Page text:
1 vote -Eva- | Apr 3, 2015 |
It's impossible, I think, to rate this book in terms of some number of stars. It lives at such a remove from what the reader of today is expecting, such a rating would have no meaning whatsoever.

This is a work of satire, definitely a work of the late 19th century in its pacing and concerns. The story is a simple moral fable: a dissolute youth of Paris, wasting away amongst his books and his odd electrical contrivances, is induced to visit his estate in rural Portugal, where he finds contentment in the simple country life.

The satire is gentle, by modern standards. The writing is graceful, at least in Margaret Jull Costa's translation, and not especially fast-paced. I can easily imagine a contemporary reader losing interest about a third of the way through, when nothing much seems to have happened. That reader would not miss much, by their standards, because by their standards nothing much will happen.

However, it's a very enjoyable nothing-much that happens, and along the way we see anticipations of later satirists like Kingsley Amis and Evelyn Waugh, as well as a few moments worthy of Twain (the description of a meal in Paris at the end of a book is perfectly Twain: "...a fearful battle ensued between me and the flounder. The wretch, which had clearly taken against me, would not allow me to detach from its spine so much as a tiny fragment of flesh. It was as dry, burned, and impenetrable as shoe-leather, and my knife bent upon it, impotent and tremulous. I summoned the pallid waiter who, equipped with a sturdier knife, and pressing down hard upon the floor with the heels of his buckled shoes, finally managed to wrench from the stubborn creature two strips of flesh, as small and thin as toothpicks, which I swallowed in one, and which did little to assuage my hunger. I finished the cutlet off in one forkful. This cost me fifteen francs.") And while the novel seems to move from episode to episode without concern for consequence or continuity, this feels more like an echo of an older style of plotting and less like a failing of the novelist.

This is not a novel for everyon, but for someone interested in the dusty corners of the history of literature, it's a nice find. And how on earth do you express that as a rating in one, two, three, four, or five stars?
1 vote kiparsky | Sep 29, 2014 |
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"O meu amigo Jacinto nasceu num palácio, com cento e nove contos de renda em terras de semeadura, de vinhedo, de cortiça e de olival.
No Alentejo, pela Estremadura, através das duas Beiras, densas sebes ondulando pôr e vale, muros altos de boa pedra, ribeiras, estradas, delimitavam os campos desta velha família agrícola que já entulhava o grão e plantava cepa em tempos de el-rei d.Dinis. A sua Quinta e casa senhorial de Tormes, no Baixo douro, cobriam uma serra.
Entre o Tua e o Tinhela, pôr cinco fartas léguas, todo o torrão lhe pagava foro. E cerrados pinheirais seus negrejavam desde Arga até ao mar de âncora. Mas o palácio onde Jacinto nascera, e onde sempre habitara, era em Paris, nos Campos Elísios, nº. 202.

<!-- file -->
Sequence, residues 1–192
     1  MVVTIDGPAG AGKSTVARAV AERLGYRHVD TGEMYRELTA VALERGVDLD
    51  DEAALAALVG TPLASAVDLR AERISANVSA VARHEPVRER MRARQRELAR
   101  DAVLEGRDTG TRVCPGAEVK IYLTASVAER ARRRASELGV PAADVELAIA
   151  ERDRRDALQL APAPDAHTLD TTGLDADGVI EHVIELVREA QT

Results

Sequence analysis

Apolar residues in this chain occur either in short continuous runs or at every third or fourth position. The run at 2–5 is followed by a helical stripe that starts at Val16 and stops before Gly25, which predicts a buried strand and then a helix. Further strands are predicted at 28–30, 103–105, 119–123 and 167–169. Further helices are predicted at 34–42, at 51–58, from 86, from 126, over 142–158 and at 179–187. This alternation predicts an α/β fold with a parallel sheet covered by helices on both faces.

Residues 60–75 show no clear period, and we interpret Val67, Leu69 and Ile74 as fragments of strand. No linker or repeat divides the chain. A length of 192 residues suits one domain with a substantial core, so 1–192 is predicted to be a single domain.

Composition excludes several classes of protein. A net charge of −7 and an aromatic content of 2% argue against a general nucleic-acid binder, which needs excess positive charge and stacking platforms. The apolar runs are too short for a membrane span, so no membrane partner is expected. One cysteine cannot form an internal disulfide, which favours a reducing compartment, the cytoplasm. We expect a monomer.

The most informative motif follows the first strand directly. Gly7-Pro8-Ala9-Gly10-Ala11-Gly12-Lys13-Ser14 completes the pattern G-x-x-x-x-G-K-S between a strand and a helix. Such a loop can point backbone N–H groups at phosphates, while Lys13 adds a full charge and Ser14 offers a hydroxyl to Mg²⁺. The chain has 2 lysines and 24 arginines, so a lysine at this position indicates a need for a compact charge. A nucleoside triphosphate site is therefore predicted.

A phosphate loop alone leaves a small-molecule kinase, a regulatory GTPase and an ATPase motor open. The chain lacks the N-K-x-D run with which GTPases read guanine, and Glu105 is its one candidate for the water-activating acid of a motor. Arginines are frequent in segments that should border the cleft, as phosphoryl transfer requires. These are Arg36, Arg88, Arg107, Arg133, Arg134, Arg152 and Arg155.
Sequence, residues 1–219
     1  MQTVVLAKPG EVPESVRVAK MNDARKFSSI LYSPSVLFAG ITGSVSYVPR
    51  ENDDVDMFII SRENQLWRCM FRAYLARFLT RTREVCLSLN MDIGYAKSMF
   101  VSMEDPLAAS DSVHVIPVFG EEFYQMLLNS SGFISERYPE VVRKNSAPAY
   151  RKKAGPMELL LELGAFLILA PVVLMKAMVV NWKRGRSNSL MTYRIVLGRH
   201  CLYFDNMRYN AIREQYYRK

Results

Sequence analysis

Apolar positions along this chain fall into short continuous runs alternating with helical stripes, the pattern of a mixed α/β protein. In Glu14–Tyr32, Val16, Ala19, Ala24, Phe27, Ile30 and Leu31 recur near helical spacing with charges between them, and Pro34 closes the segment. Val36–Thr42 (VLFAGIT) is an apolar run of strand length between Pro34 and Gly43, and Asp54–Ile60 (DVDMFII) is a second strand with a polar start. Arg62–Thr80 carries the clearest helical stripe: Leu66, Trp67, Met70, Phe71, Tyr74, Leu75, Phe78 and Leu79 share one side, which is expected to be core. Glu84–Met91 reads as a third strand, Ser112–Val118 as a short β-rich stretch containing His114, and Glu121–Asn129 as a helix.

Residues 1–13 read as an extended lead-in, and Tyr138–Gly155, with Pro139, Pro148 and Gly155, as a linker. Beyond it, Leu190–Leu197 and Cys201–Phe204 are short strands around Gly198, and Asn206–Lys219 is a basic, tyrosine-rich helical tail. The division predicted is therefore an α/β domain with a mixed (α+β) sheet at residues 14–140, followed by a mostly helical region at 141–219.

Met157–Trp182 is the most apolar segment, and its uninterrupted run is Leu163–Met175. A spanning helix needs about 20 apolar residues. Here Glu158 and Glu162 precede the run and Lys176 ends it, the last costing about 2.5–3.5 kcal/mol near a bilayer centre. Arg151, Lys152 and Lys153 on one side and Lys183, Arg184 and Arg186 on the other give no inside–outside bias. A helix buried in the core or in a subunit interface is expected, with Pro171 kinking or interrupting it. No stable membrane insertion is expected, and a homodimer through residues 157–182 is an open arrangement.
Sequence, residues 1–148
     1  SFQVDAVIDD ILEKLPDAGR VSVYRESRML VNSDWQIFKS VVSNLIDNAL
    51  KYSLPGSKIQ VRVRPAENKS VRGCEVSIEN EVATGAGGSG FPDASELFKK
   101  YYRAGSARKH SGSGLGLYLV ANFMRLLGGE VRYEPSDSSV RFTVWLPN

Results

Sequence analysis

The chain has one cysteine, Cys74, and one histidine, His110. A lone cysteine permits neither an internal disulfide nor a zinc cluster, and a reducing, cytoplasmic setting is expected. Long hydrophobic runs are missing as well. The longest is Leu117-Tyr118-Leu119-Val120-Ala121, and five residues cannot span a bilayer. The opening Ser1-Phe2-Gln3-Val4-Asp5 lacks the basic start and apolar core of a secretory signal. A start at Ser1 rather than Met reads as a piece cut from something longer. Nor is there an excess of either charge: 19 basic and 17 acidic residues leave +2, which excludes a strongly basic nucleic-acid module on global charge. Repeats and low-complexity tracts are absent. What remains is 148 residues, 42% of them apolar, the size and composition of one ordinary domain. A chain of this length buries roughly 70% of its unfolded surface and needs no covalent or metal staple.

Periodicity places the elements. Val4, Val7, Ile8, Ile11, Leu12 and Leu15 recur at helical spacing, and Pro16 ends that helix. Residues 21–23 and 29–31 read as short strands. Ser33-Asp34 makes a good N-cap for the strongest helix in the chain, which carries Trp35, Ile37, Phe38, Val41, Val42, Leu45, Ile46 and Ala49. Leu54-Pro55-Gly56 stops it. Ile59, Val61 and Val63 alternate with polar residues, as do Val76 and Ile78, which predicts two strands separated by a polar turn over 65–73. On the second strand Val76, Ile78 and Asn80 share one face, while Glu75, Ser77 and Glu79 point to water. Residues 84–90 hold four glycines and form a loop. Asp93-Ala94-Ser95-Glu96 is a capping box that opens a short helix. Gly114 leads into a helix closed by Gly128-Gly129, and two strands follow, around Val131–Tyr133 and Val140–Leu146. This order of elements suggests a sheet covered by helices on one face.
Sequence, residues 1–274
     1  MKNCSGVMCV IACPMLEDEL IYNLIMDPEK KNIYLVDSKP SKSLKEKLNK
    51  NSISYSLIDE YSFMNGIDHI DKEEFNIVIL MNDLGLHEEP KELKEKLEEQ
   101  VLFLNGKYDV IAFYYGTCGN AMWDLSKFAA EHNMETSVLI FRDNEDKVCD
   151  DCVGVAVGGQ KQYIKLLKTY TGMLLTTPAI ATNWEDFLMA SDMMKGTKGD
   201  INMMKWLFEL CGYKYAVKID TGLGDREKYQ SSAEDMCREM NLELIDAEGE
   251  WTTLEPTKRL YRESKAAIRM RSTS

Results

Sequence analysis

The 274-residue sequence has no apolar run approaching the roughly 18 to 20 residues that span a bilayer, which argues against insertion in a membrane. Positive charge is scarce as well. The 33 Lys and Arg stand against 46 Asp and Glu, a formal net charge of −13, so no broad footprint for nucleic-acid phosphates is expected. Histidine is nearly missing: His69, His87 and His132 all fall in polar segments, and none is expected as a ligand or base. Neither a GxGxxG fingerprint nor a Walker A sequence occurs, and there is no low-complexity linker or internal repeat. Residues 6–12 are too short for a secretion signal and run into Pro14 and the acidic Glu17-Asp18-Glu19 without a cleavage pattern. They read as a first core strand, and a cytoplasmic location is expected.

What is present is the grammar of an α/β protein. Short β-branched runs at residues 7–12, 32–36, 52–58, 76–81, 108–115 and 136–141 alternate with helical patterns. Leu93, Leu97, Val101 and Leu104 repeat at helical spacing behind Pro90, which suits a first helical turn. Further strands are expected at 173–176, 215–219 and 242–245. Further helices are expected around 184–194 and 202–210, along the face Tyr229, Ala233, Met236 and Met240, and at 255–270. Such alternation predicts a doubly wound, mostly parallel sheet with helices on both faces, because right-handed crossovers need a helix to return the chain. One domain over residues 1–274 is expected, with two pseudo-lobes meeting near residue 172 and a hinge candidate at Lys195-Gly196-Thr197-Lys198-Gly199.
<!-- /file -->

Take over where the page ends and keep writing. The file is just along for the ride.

Seu avô, aquele gordíssimo e riquíssimo Jacinto a quem chamavam em Lisboa o D. Galião, descendo uma tarde pela travessa da Trabuqueta, "(…)
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E assim ascendi ao Paraiso. Decerto era o Paraiso porque com
meus olhos de mortal argila avistei o Ancião da Eternidade, aquelle que não tem Manhã
nem Tarde. N'uma claridade que d'elle irradiava mais clara que todas as claridades,
entre fundas estantes d'ouro abarrotadas de codices, sentado em vetustissimos folios,
com os flocos das infinitas barbas espalhados por sobre resmas de folhetos, brochuras,
gazetas e catalogos o Altissimo lia. A fronte super-divina que concebera o Mundo
pousava sobre a mão super-forte que o Mundo creára e o Creador lia e sorria. Ousei,
arrepiado de sagrado horror, espreitar por cima do seu hombro coruscante. O livro era
brochado, de tres francos... O Eterno lia Voltaire, n'uma edição barata, e sorria.
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Amazon.com Product Description (ISBN 0811217019, Paperback)

Eça de Queirós's novel is a hymn to country life: The City and The Mountains satirizes the emptiness of city life and of modernity itself. Wonderfully funny, it bubbles with joie de vivre.

Born in Paris, Jacinto is the heir to a vast estate in Portugal which he has never visited. He mixes with the crème de la crème of Paris society, but is monumentally bored. And then he receives a letter from his estate manager saying that they plan to move the bones of his ancestors to the newly renovated chapel—would he like to be there? With great trepidation, Jacinto sets off with his best friend, the narrator, on the mammoth train journey through France and Spain to Portugal. What they discover in the simple country life will upend their own lives deliciously....

Newly translated by the acclaimed translator Margaret Jull Costa, New Directions is proud to publish The City and The Mountains, and to once again bring Eça de Queirós' brilliant prose to life.

(retrieved from Amazon Thu, 12 Mar 2015 18:16:02 -0400)